# Posterior Analytics (Bouchier)/Book I/Chapter XV

←Chapter XIV | Posterior Analytics (Bouchier) by , translated by E. S. BouchierBook I, Chapter XV |
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### Chapter XV: On immediate negative propositions[edit]

*Yet demonstration is possible in the other figures, and if of a negative character is as valid in the second figure as in the first.*

Just as the quality A may inhere in B without the intervention of a middle term, so it may not inhere without such intervention. By these expressions I mean that there is no middle term connecting A and B. In that case inherence and non-inherence will no longer depend on the presence of a third term. When then either A or B, or both, are true of the whole of a third term, it is impossible that A should not be true of B immediately. We may suppose all C to be A. Then if all C is not B (for it is possible that all of a subject should be A, but none of it B) the conclusion will follow that B is not A. For if all A is C, and no B is C, then no B is A.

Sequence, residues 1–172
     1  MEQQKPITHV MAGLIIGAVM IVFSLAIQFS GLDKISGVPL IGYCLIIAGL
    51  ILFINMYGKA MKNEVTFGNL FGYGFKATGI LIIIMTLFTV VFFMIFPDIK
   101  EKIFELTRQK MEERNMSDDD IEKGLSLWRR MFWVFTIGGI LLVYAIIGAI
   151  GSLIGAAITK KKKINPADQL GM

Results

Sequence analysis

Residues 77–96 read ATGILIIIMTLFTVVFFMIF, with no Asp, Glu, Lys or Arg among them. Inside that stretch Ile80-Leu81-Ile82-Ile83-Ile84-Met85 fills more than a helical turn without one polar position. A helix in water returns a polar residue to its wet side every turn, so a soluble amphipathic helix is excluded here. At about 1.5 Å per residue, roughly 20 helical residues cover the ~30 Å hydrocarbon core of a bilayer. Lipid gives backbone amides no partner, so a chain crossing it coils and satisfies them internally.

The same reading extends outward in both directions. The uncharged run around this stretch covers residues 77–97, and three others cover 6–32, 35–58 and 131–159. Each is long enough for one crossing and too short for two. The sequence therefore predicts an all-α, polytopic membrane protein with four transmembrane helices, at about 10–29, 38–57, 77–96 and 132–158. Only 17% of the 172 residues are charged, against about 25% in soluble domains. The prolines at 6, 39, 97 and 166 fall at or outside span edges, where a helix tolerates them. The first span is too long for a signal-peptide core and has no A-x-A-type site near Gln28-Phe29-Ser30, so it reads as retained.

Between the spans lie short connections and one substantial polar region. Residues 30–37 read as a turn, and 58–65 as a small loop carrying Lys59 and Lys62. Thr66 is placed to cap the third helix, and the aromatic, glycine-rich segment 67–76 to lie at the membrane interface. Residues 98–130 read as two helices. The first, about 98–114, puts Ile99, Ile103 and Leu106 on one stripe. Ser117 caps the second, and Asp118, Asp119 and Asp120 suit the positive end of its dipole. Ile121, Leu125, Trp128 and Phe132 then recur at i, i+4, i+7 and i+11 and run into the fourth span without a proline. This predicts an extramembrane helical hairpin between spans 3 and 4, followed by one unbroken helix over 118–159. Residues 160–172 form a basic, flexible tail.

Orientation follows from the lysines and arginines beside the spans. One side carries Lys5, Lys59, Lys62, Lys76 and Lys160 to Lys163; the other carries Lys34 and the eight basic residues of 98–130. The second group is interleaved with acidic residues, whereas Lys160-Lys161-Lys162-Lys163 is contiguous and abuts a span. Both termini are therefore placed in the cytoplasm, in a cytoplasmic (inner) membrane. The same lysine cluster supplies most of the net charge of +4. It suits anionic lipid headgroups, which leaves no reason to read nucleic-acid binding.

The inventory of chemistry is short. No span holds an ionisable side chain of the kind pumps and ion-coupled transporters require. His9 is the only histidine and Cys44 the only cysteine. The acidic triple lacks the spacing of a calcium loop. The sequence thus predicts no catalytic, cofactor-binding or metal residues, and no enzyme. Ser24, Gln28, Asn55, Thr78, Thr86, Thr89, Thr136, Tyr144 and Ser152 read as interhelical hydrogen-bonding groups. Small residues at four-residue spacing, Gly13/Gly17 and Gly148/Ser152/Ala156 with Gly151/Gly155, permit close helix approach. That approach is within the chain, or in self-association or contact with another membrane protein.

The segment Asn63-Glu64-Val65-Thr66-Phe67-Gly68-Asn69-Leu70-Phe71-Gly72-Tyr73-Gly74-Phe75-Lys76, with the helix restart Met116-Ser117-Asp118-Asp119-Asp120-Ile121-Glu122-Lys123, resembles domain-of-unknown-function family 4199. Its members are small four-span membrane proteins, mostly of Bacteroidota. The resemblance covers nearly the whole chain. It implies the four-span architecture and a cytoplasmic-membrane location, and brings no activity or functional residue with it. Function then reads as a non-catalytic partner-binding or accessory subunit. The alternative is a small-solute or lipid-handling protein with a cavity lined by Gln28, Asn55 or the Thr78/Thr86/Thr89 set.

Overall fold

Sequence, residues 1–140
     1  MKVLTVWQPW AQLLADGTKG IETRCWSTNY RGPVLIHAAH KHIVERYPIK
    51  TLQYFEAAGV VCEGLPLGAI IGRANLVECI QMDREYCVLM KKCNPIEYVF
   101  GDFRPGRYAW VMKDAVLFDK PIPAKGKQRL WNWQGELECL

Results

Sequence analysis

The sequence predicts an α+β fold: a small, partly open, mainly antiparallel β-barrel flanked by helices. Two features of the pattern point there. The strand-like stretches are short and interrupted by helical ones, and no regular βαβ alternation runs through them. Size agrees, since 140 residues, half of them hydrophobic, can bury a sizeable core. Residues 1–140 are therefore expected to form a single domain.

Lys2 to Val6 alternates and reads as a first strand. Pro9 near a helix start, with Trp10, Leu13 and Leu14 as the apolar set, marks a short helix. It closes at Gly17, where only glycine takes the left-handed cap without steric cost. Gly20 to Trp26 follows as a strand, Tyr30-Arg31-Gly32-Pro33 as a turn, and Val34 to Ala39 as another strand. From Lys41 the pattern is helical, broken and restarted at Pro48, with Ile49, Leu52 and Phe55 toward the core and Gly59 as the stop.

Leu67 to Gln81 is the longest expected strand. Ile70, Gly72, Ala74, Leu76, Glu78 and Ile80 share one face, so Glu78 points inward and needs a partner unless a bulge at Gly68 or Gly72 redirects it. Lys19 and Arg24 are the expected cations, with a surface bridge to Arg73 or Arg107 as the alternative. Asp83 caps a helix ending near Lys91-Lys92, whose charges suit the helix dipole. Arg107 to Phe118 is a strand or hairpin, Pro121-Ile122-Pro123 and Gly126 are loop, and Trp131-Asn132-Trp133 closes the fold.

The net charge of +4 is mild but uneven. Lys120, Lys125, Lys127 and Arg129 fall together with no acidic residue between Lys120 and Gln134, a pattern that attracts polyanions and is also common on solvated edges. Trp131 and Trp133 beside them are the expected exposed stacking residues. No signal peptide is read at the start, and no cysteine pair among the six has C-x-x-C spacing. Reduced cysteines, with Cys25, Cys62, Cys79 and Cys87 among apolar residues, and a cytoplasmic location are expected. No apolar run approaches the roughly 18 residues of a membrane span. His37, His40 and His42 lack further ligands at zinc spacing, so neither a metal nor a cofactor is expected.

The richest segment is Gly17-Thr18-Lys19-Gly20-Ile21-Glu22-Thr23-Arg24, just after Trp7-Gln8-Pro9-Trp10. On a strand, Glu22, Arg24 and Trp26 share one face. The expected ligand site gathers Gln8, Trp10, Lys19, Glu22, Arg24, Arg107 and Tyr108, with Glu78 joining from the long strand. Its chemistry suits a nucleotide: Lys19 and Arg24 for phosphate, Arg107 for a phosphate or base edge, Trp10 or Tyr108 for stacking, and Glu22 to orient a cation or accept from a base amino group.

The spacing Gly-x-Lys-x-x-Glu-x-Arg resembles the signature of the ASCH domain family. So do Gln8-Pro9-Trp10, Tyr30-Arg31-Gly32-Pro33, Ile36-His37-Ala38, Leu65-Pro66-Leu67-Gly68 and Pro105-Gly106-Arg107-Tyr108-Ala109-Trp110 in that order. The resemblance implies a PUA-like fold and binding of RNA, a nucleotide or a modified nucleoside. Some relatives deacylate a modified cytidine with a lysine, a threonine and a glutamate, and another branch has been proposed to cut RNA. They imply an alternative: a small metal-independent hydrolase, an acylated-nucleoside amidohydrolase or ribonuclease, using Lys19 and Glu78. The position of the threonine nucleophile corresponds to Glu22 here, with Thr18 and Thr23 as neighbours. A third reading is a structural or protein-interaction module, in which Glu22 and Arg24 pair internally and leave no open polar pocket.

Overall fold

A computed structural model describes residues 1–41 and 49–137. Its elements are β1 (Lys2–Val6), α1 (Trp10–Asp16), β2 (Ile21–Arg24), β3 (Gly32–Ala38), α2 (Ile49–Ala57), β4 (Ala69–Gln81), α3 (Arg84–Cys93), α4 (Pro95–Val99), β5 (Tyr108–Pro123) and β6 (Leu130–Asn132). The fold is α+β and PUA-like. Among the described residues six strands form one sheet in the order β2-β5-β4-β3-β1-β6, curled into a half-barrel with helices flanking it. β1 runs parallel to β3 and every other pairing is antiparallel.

The same proof will be adopted if both terms are distributively predicable of a third. That B need not be predicable of a subject of which A is distributively predicable, and conversely that A need not be predicable of a third term of which B is distributively predicable may be seen clearly from a consideration of those series of terms wherein no term of the one series can be interchanged with one in the other series. Thus if none of the terms in the series A, C, D are predicable of any in the series B, E, F; if further A is distributively predicable of G, a term belonging to the same series, then it is clear that no G will be B, for otherwise these distinct series would have interchangeable terms. So too if B is distributively predicable of some other subject. If, however, neither A nor B is distributively predicable of any third term, and if A is not predicable of B, A must be not predicable of B immediately. This is so because if any middle term were present, one of the two terms named would have to be distributively predicable of a third term, since the syllogism must be either in the first or the second figure. Now if it be in the first, B will be distributively predicable of a third term, for in this case the premise must be affirmative; if it be in the second A or B may be distributively predicable of a third term, for when either premise is of a negative character a conclusion may be attained, though this is impossible when both premises are negative.

It is plain therefore that one term may be proved to be deniable of another immediately, and we have now shewn when and how this may happen.